OLED 4K 30" 60 Hz - Dell UP3017Q

Discussion in 'Displays' started by Vega, Apr 12, 2017.

  1. guney

    guney Limp Gawd

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    Hmmm. There's quite a bit of difference between 2 ms and 10 ms. With only 2 ms of persistence, the difference between CRT and OLED in terms of amount of flicker should be close to negligible, following my line of reasoning. (Since 60 Hz would give you nearly 17 ms of time between strobes, even a CRT that's decaying in 2 ms should have plenty of time to stay in its "dark state" between two strobes, creating plenty of flicker.)

    However, my years of CRT use were during the younger years of my life, when I couldn't really afford very high-end CRT monitors. So, perhaps the CRT displays I'm likely to have experienced were closer to that 10 ms decay time. That would mean the monitor would have stayed on for 60% of the time period between two scans/strobes, meaning quite a high percentage of "on" time. That ratio might be much lower for OLEDs. (Not sure.)

    On the other hand, it's coming back to me now that the norm for a "good" CRT monitor refresh rate was actually 85 Hz during the latest years I used them; not 60 Hz. I do believe some of the CRTs I owned (at least in post-college years) were 85 Hz models. That would mean just under 12 ms of time between each scan of the phosphors. With a persistence time of 10 ms or a little less, that does translate to the phosphors being lit nearly all the time between successive refreshes thanks to persistence.
     
  2. Snowdog

    Snowdog Pasty Nerd with Poor Cardio

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    I don't think too much effort should be spent on this. OLED is near square wave for responsiveness. It's blacks are blacker and it's brights are brighter (CRTs tended to be pretty dim), and this is huge compared to ancient CRT monitors, all contribute to flicker being worse on OLED if your cycle at 60Hz.

    I also think older monitors that were expected to work at 60Hz had longer persistence phosphor. I remember running 60 Hz on some of these and it being no so bad, but when I moved to larger higher quality multisync, then 60 Hz became intolerable.

    Bottom line. It's no surprise that 60Hz strobing on a big OLED screen is a bad idea.
     
    jbltecnicspro and TroubleMagnet like this.
  3. Vega

    Vega [H]ardness Supreme

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    Ya phosphor persistence was 1-2ms. But even then, the Dell is 90us, or less than 0.1ms. Ten to over twenty times faster than CRT phosphor, pretty crazy fast.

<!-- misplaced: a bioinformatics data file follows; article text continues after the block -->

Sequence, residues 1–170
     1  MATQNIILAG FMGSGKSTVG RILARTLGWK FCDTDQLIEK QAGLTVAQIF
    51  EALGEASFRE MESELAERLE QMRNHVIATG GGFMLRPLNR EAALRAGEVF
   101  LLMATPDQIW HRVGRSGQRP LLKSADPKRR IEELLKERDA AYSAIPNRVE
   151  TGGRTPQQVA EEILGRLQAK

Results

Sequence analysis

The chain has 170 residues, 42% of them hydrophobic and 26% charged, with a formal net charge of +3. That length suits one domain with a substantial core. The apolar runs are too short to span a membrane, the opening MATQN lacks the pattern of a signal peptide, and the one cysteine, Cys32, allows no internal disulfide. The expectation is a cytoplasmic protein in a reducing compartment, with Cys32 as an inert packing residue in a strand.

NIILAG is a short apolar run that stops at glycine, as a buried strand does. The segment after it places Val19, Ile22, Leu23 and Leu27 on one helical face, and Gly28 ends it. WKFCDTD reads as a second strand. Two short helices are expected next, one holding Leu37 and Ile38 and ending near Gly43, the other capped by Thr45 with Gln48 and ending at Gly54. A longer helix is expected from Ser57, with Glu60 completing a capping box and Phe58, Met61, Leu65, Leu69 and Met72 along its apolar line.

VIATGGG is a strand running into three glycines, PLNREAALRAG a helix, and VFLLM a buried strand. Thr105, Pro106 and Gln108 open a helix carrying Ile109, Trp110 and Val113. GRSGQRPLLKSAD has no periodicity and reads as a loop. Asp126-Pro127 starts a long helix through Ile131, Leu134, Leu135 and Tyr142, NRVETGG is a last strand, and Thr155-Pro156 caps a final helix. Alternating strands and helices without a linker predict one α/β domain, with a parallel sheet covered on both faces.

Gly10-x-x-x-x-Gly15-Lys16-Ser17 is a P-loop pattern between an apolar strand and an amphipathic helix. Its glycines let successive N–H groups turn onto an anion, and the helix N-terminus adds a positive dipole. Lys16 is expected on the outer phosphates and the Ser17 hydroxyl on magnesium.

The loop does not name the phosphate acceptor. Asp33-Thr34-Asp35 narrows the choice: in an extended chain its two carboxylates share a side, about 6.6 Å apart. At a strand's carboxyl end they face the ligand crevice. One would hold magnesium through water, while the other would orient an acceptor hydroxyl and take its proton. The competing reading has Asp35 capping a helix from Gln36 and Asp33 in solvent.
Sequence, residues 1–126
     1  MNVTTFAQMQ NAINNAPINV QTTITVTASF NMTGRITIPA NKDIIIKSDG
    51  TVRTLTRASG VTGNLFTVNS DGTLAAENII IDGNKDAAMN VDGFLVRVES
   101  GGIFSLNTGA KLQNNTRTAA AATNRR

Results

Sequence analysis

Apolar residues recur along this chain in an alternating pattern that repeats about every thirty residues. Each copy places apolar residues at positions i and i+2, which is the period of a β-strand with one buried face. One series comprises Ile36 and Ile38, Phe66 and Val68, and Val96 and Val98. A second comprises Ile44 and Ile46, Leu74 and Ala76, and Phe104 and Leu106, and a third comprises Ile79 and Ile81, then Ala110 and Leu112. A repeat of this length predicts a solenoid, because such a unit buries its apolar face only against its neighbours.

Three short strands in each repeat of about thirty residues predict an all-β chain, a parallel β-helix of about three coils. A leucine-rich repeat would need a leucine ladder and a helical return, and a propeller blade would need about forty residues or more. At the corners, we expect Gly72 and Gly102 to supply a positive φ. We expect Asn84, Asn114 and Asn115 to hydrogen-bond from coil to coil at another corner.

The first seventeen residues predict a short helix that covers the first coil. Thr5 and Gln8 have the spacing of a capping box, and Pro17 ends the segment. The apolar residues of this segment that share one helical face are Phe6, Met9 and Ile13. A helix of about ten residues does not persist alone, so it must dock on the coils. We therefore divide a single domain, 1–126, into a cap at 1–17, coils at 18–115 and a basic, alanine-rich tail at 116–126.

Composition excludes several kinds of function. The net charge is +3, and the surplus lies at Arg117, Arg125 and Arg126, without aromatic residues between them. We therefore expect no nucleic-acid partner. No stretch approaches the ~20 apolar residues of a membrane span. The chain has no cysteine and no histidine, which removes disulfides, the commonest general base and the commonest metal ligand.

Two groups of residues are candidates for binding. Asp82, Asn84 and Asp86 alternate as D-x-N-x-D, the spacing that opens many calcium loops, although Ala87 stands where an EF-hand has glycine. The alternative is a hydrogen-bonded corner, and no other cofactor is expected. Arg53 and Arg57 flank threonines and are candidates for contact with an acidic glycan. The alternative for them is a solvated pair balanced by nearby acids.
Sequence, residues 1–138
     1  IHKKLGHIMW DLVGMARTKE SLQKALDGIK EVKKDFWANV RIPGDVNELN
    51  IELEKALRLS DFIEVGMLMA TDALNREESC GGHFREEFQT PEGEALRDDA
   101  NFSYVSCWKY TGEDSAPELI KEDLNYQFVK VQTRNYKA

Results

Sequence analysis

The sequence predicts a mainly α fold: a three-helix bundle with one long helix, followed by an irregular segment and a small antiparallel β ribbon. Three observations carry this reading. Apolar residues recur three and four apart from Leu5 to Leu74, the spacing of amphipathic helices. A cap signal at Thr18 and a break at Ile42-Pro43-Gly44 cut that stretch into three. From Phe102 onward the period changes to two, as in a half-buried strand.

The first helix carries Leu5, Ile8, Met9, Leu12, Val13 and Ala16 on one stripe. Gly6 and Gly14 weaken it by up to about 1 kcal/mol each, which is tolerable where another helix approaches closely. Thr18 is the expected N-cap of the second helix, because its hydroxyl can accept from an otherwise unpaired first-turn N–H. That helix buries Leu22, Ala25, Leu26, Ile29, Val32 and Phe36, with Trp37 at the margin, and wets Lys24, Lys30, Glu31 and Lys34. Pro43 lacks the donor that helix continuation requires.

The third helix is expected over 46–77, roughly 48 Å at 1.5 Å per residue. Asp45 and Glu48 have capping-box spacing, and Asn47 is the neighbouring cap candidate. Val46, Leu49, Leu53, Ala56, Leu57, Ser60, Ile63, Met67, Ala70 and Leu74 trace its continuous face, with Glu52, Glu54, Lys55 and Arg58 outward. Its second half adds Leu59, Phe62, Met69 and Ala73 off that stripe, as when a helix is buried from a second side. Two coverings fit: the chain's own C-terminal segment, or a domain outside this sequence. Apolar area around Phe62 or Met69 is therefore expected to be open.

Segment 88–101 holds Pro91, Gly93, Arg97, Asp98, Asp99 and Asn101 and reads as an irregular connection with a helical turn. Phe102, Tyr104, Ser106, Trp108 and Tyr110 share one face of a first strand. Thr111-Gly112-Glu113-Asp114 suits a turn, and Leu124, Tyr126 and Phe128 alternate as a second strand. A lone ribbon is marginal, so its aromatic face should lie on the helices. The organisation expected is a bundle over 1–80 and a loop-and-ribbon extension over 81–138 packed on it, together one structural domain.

4. SolidSnake3035

    SolidSnake3035 Limp Gawd

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    Are image retention/panel wear and brightness the only reasons to not leave the OLED lit up for a longer time?

    I'm imagining that with the speed of OLED's transition, the ideal image smoothness would be really high refresh (240Hz?) with the pixels lit almost constantly. Maybe that's a wrong assumption.

    It's a shame that the technology is so limited by wear, and the circuitry driving it... :-/ (Not to mention connectivity and GPU power...)
     
  5. Later

    Later n00bie

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    That depends entirely on the brightness setting of the monitor. If you have brightness dialed up to maximum on monitor OSD the pixels are likely to stay lit until close to the next strobe. If you dial the brightness slider lower the time the pixels are on becomes shorter. This is how brightness of this monitor is regulated. I find it puzzling that some don't seem to grasp this concept as LCDs with pwm controlled backlights have been around for ages.

    If you have a colorimeter you could estimate how long pixels are on at a specific brightness setting simply by measuring its luminance, they are directly proportional. However, note that OLED displays have this ABL thing, I don't know how it works or why it is used exactly.
     
  6. Vega

    Vega [H]ardness Supreme

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    No the pixel on/off times on this monitor are fixed and duration not affected by brightness. Looks to simply be scanning DC voltage control, not traditional type PWM which sole purpose is to control brightness.
     
  7. Later

    Later n00bie

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    Surprising. What is that duration then?
     
  8. Vega

    Vega [H]ardness Supreme

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    I'll have to look back at my notes, something like 4.4ms "on" at 60 Hz and 5.4ms "on" divided by two at 120 Hz.